A Synagogue in Every Precinct and Rabbi-approved Pens: Israel Cops Get Religion

With more and more cops refusing to fight crime on Shabbat and the appointment of a new police rabbi who opposes female and male officers serving together, some voice concern of changing norms in Israel's police force.

Yaniv Kubovich
Yaniv Kubovich
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Israeli cops during a Torah scroll installment ceremony in Dimona, September 2016.
Israeli cops during a Torah scroll installment ceremony in Dimona, September 2016.Credit: Israel Police
Yaniv Kubovich
Yaniv Kubovich

On the eve of Rosh Hashanah, Border Police officers in Jerusalem were invited to a religious revival rally. “Border Police are preparing for the High Holy Days on all fronts, including the spiritual one,” a police statement said. “Today a seminar and a revival rally were held for the approaching Days of Awe.”

Several rabbis involved in bringing Jews to religious observance were at the rally, which was led by Rabbi Reuven Elbaz, considered a leader in the field. Elbaz, a member of the Shas party’s Council of Torah Sages, was convicted in the past of bribery and criminal conspiracy.

“To invite him to an evening with policemen is simply incomprehensible,” said a recently retired senior officer. “Why should such a figure be chosen to speak to policemen and officers; why doesn’t anyone check and think what kind of message this conveys about the organization?”

It seems that nowadays there’s nothing more natural than an outreach rabbi appearing at official police events. At a time when synagogues are being opened at police stations one after the other, Torah scroll installations are marketed as police operations to be proud of and a beit midrash (study hall) has even been opened for policemen, it’s no surprise to find that religion has penetrated deeply into the police, influencing those who serve it and the considerations guiding it.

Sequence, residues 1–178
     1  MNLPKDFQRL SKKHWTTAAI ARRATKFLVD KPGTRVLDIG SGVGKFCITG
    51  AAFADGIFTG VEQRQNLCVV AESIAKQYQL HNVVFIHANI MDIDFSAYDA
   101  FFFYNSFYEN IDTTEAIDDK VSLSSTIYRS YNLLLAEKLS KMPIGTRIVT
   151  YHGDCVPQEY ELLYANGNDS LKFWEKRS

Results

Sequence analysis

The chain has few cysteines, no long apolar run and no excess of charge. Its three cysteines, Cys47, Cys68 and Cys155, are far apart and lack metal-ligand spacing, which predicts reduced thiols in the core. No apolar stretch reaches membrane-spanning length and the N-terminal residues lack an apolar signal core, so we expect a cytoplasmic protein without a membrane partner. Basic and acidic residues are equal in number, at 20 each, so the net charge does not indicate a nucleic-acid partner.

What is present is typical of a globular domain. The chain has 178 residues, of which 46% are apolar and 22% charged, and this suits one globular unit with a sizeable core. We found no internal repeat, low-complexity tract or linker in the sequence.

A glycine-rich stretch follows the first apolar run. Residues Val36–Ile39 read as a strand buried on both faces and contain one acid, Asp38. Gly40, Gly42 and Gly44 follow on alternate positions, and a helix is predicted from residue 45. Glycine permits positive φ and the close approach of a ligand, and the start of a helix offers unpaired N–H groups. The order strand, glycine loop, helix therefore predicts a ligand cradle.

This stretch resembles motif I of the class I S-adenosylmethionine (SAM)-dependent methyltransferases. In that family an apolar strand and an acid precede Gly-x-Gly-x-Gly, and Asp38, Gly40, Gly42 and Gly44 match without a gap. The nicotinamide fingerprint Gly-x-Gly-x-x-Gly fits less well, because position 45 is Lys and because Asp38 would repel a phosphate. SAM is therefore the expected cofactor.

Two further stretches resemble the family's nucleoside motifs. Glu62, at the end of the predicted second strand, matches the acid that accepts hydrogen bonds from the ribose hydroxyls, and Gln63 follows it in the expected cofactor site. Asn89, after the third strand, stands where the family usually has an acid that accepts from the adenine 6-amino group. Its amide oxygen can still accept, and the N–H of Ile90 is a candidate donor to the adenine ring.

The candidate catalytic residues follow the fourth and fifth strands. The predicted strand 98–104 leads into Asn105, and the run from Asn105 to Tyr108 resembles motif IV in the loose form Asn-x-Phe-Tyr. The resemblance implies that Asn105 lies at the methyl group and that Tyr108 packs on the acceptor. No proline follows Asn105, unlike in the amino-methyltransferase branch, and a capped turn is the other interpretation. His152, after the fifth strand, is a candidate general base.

“In the past there was a synagogue at district headquarters and sometimes in subdistrict headquarters,” said the retired officer, who spoke on condition of anonymity. “Today every police station holds prayers and even the smallest stations have synagogues where officers pray. As long as it didn’t affect work” it wasn’t a problem, he said.

But some figures think the rise in the number of religiously observant officers is obstructing, or at least challenging, the force’s operations. This year Lag Ba’omer, when tens of thousands of people gather at Mount Meron, outside Safed, requiring a massive police presence, fell on Saturday night. When large numbers of observant officers refused to violate Shabbat for the operation, preparations had to be reconsidered. After discussions at the highest levels of the force, religious officers were instructed to spend the entire Shabbat, from Friday afternoon, at the site. Others were reassigned to rear positions, so they could spend Sabbath at home and get to their posts shortly after the end of Shabbat.